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Soapblog 2: Why neighborhood art centers?

You may have noticed that there is a movement afoot around the Queen City. Neighborhood and regional arts centers are springing up, from Kennedy Heights to Madisonville, and from Mariemont to Evanston. Across the city, and around the region, communities are pulling together to create arts centers to serve and invigorate the surrounding communities, and to bring art and arts experiences to folks in accessible, meaningful ways. CCAC is proud to be anchored in the Uptown communities and to be a part of this exciting trend.

And I think this trend is really exciting for Cincinnati, especially as the city seeks to position itself as an innovative leader that will attract and retain talent and be a great place to live, work and play. But I do get asked by a lot of folks, what’s up with all the neighborhood and regional arts centers? So I think it’s worth articulating the top three things that these centers do for Cincinnati and our region.

First, they are unique. As Cincinnati aims to set itself apart from other cities, it's interesting to note that Seattle neighborhoods aren't developing parallel centers. Many cities would count themselves lucky to be home to just one or two centers -  our area is lucky to have many more. And each center creates a nexus of energy, community connection, and economic development for the community where it is located, which supports everyone’s goal of keeping Cincinnati's treasured neighborhoods vibrant.

Second, arts centers strengthen established arts institutions in our city, by building audiences for arts experiences, and providing venues and vehicles for folks to connect with arts and arts institutions in new ways. At CCAC, we've been proud to host programming by the Cincinnati Art Museum, the Art Academy, Playhouse in the Park, CCM, and Cincinnati Shakespeare, as well as a whole range of individual artists. We all win when there are new, accessible ways for the community to connect with the great art and great organizations.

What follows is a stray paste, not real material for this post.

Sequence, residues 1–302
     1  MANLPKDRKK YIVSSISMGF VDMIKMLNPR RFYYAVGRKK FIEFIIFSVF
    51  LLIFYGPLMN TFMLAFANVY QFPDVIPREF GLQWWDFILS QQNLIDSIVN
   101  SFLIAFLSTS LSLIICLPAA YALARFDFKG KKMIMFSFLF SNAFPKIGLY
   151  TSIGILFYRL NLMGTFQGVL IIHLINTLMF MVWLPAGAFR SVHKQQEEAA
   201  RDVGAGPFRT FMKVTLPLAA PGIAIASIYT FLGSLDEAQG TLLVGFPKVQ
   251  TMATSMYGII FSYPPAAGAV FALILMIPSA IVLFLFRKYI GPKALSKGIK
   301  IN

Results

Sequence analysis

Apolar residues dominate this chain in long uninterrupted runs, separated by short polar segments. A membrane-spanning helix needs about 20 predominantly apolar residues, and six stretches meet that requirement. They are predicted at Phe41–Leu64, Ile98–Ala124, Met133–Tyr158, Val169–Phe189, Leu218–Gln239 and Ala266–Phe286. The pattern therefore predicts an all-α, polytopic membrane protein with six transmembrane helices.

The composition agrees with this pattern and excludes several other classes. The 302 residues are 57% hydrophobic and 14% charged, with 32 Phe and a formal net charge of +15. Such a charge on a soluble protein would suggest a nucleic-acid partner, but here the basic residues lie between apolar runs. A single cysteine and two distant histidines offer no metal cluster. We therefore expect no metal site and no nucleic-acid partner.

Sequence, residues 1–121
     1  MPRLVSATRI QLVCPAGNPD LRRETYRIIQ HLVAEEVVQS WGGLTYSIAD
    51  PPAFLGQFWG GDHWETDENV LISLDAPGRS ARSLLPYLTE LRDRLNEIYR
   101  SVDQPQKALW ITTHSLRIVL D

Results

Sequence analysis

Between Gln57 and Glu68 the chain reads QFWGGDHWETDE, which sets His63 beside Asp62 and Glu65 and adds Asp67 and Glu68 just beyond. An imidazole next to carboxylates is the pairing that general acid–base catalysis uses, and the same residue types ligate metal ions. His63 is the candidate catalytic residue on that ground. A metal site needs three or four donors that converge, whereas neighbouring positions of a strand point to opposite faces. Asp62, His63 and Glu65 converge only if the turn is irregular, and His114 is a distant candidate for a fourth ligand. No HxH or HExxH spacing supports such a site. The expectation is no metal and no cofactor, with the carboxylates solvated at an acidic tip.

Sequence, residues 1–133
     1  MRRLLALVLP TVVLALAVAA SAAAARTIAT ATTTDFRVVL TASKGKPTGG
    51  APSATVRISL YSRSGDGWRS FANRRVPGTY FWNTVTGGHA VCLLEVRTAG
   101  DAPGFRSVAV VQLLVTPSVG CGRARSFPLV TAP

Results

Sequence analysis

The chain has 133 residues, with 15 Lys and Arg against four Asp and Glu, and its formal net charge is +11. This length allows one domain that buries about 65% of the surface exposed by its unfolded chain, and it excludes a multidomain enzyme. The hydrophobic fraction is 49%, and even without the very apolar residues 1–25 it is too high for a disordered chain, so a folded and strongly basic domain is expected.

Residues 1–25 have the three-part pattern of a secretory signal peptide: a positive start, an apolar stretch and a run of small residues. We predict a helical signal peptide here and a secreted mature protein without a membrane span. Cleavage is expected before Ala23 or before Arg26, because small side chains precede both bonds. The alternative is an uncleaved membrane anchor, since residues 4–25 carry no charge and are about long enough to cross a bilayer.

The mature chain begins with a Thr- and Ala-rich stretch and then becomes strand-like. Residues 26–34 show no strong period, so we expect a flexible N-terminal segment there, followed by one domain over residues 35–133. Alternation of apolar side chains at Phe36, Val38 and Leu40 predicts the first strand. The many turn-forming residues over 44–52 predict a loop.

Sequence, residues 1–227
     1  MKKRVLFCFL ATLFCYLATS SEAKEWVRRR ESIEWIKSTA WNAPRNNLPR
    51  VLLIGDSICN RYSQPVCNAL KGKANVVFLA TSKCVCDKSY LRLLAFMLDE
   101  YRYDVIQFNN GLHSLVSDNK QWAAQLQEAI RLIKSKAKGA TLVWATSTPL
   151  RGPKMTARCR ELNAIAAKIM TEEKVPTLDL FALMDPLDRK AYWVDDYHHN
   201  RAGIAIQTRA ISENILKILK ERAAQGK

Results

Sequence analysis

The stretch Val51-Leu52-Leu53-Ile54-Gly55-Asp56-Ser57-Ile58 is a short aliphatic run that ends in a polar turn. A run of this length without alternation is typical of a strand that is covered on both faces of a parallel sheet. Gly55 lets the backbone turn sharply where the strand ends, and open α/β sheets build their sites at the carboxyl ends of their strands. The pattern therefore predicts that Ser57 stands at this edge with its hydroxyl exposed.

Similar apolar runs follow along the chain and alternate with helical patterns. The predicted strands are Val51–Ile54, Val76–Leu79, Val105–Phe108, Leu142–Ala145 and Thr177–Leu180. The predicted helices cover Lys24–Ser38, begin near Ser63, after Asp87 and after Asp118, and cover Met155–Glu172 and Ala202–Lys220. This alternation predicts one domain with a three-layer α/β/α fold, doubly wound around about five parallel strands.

Finally, arts centers meet important needs in our community. While it's true that we have a rich heritage of established arts organizations, we actually are behind the curve in organizations like arts centers. In the Cultural Vitality in Communities study conducted by The Urban Institute and published in November 2006, Cincinnati ranked near the bottom, at 46th of 50 metropolitan areas studied in the category of arts establishments. This indicator measures the impact of establishments or venues that foster a wide range of cultural participation - active/passive, amateur/professional, and formal/informal. Neighborhood and regional arts centers will serve as exactly this type of arts establishment, fostering broad participation in the arts, building audiences for other arts organizations, and helping to fill the gap in arts establishments where Cincinnati ranked so poorly.

And while it's true that we have an amazing diversity of great arts organizations, we're also behind the curve in connecting kids to arts opportunities. In the report, Youth Speak: How Young People in Greater Cincinnati and Northern Kentucky View Life in their Community, the local Asset Builders Alliance revealed the results of a November, 2007 survey of 6,300 seventh and eleventh graders in our region. Dramatically, only 18% of youth report participating in "Creative Activities," less than half the amount that reported participation in any other asset, while nearly half (46%) report two hours every school day alone at home. This demonstrates the striking need for constructive creative opportunities that are accessible to a wide range of kids, which is precisely the type of opportunities that neighborhood and regional arts centers excel in providing.

As a relative newcomer to the region, I think Cincinnati is so lucky to have this movement of new neighborhood and regional arts centers gaining momentum here. And I think this movement will be a critical part of establishing Cincinnati as a place folks are excited to live, work, and even (yes!) relocate.

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